Monday, November 22, 2010

Lewis Hyde, Common as Air: Revolution, Art, and Ownership, 2010.

The lights lower in the house, and the screen brightens. Two or three commercials play across the screen as you lean over to your fellow cinema-goer to bet on how many trailers you’ll see, and before the first trailer seeks to tempt you into watching a movie that you have no interest in seeing, one final commercial plays: a young person in a convenience store shoves a couple of candy bars and a pop into his knapsack as the storekeeper sells a lottery ticket to an elderly woman, and then the boy takes off, high-tailing it from the store as the narrator’s deep voice says “We know that’s theft—so is stealing movies” as we cut to a young couple staring at a computer whilst slyly grinning at one another. My stomach tightens at the commercial, though I’ve never illegally downloaded a movie. While I could argue against the false equivalence being established in the efforts of this commercial and its brethren, nothing I could essay would be as erudite, as engaging, or as convincing as Lewis Hyde’s recent Common as Air.

Just as in Trickster Makes This World*, Hyde uses analogies and discursive examples to outline an argument that is very difficult to argue against convincingly. In Common as Air, he argues that copyright is broken: that what once existed to help the development of art and discovery now limits and prevents meaningful building on the “shoulders of giants” that have gone before. He proposes reform, asking us to move away from the notion of property to a commons with stints. Hyde develops this proposal with heavy reference both to the ancient structures and strictures of the commons and to the founding fathers or the United States. At times heavily historical, the reader would be forgiven for thinking in the early pages that she was reading more of an history of ideas than a book dealing with what may be the defining issue of our time. The fifth chapter makes heavy use of Benjamin Franklin to show how his work on a number of scientific fronts could not have occurred without heavy debts both to earlier investigations whose results had been freely shared and to his oft-forgotten co-experimenters. Its argument is that the “founders believed that created works belong largely in the commons so as to support and enliven creative communities” (112); the preceding chapters develop our understanding of the commons, and the successive chapters expand this idea and show how it has continuing relevance to our society and culture, with reference to Bob Dylan, the human genome, and the Reverend Doctor Martin Luther King, Jr., among others. Hyde captivates the reader both in the argument itself and in his myriad and surprising examples. Dealing carefully with both issues of law and culture, the arguments he makes are persuasive and intriguing. The sceptic—who is willing to agree that theft is theft, and copyright works just fine, thank you—will find himself challenged, and the already converted will need to nuance her arguments in the light of Hyde’s work.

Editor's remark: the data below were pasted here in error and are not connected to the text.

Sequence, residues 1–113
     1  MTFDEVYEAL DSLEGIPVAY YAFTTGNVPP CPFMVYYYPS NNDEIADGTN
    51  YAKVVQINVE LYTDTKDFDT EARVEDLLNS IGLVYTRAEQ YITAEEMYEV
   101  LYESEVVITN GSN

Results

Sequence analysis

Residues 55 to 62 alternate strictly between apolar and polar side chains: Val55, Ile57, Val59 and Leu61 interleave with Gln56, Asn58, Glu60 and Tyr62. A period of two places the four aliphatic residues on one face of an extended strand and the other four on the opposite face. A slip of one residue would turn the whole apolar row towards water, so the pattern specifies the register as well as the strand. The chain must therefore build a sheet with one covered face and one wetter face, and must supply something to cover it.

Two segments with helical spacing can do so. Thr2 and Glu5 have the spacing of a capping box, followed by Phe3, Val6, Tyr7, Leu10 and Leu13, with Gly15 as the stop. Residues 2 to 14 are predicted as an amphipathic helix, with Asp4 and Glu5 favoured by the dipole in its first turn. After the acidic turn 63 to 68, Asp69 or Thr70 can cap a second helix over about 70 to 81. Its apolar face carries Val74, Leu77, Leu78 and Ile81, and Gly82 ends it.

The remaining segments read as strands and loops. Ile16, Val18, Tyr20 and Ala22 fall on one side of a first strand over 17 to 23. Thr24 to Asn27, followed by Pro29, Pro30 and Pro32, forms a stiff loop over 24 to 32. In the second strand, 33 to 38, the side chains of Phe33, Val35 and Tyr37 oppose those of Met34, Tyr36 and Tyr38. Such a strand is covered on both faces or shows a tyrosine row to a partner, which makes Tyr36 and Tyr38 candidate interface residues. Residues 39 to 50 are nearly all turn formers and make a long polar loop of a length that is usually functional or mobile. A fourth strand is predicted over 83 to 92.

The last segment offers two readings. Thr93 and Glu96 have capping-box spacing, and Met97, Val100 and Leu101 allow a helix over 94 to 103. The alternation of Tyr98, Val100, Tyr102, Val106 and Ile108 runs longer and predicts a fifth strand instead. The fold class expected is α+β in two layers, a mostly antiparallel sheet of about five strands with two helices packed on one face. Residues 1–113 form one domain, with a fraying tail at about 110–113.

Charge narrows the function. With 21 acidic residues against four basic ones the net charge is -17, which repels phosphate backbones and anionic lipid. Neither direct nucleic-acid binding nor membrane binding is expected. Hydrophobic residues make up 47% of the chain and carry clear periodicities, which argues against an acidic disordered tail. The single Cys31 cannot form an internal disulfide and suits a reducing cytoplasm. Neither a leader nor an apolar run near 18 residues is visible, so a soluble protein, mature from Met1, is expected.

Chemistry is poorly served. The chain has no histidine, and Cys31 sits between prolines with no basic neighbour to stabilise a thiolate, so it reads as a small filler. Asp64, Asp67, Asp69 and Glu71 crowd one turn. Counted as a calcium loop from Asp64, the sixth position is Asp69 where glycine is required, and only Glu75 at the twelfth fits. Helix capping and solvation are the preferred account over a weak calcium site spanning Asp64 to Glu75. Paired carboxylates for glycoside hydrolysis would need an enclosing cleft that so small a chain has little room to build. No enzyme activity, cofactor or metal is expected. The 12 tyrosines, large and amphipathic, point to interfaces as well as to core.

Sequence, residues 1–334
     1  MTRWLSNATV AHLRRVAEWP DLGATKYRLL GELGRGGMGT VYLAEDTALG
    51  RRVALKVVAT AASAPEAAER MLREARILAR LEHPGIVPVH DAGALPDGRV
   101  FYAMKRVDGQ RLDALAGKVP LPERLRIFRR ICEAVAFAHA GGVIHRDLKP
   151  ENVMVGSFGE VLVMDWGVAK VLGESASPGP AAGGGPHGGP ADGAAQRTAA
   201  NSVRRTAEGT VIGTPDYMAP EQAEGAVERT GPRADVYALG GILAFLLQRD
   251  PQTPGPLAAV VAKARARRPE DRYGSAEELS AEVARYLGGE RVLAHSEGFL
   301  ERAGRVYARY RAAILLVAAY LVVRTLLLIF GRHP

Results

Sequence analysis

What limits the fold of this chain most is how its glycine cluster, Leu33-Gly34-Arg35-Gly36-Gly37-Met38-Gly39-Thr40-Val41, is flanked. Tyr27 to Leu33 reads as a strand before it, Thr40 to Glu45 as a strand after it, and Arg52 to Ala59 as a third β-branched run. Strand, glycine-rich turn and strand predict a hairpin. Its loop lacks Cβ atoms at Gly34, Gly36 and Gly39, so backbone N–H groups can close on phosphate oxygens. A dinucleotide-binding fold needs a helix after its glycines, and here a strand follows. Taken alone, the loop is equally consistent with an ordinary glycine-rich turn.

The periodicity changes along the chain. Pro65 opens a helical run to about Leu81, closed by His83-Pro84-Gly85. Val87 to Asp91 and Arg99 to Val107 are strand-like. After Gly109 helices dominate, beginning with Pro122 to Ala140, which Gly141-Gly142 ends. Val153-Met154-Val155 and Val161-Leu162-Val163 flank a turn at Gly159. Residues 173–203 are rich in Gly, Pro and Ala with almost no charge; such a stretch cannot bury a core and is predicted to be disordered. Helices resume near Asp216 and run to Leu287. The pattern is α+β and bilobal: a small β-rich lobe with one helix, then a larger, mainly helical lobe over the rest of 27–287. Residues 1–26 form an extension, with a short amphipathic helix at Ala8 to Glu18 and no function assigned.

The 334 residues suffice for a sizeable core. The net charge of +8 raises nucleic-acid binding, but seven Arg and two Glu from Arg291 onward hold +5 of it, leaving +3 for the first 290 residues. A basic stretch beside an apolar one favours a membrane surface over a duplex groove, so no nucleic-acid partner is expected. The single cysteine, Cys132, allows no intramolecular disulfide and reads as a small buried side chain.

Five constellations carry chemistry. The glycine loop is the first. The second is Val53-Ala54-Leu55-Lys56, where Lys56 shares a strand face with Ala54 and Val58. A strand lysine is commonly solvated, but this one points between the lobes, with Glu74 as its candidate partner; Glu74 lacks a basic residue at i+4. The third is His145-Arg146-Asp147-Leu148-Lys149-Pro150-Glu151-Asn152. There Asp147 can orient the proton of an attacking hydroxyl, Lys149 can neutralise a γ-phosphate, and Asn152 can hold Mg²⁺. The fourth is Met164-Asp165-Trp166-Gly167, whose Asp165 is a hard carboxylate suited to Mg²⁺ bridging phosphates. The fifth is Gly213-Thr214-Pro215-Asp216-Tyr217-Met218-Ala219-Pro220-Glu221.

What I find most compelling in Hyde’s new book is an essential underpinning of his argument. A serious problem that our contemporary culture faces is that we tend to conceive of freedom as negative: too often we are concerned about being free from infringements by others. Hyde shows that this way of thinking is backwards when compared with the bulk of thinking about freedom through time.
Social well-being in this view cannot arise simply by aggregating individual choices; private interest and public good are too often at odds. Citizens acquire virtue in the civic republic, therefore, not by productivity but by willingly allowing self-interest to bow to the public good (or by recognizing that the two are one). (93)

True liberty is not freedom from, but rather freedom for, a liberty that is entirely congruent with what is extolled in the Magnificat, for example. I need to spend more time thinking about how Hyde’s arguments are working on my own understanding of what it is to live in the communities in which I make my home.

My sole serious quibble with the book is composed of two lines on the frontispiece: “Copyright © 2010 by Lewis Hyde / All rights reserved.” After he so extolled the virtues of Creative Commons licenses, was there an effort to persuade Farrar, Strauss and Giroux to publish Common as Air under such a license?

* I first fell in love with Hyde’s writing when reading his magnificent Trickster Makes This World. If you haven’t read it, I remind you that old time is still a-flying.)

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